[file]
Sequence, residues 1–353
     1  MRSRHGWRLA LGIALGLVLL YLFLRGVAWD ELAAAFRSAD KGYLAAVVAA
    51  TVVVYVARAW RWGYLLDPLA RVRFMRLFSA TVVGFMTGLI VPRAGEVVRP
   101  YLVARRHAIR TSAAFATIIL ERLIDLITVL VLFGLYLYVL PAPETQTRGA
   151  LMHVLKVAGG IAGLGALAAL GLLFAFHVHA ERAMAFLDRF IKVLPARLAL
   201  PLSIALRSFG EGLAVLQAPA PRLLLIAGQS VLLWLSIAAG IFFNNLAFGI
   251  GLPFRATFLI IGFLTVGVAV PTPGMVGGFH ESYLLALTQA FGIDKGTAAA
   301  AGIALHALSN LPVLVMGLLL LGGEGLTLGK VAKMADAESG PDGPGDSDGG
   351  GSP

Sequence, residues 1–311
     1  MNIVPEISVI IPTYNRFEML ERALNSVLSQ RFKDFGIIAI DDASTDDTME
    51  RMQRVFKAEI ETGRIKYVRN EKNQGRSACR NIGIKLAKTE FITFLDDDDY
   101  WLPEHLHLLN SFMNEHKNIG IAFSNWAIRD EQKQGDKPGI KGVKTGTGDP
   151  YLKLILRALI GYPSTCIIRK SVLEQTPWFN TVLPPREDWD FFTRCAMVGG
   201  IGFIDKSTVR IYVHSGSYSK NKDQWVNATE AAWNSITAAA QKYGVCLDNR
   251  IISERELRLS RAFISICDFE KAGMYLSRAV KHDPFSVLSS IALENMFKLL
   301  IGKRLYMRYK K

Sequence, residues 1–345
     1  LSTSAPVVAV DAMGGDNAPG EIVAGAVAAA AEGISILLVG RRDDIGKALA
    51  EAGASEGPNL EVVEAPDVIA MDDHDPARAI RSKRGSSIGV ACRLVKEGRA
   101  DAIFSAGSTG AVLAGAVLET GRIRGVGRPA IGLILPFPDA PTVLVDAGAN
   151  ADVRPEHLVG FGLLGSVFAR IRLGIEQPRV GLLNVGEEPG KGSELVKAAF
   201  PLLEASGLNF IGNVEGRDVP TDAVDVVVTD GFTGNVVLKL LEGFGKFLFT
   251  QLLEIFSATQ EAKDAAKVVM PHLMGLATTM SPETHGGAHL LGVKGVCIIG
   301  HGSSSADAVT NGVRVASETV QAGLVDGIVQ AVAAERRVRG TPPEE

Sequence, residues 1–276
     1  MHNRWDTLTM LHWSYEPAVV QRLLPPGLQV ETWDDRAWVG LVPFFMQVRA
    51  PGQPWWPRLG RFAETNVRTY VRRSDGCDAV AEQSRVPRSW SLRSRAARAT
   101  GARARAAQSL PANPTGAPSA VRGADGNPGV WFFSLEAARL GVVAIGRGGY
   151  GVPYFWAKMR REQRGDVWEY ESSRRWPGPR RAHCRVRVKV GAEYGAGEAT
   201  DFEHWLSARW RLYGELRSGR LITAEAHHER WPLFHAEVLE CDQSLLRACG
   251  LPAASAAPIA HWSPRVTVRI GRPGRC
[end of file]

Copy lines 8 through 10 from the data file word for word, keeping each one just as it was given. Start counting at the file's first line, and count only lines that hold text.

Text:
   301  AGIALHALSN LPVLVMGLLL LGGEGLTLGK VAKMADAESG PDGPGDSDGG
   351  GSP

Sequence, residues 1–311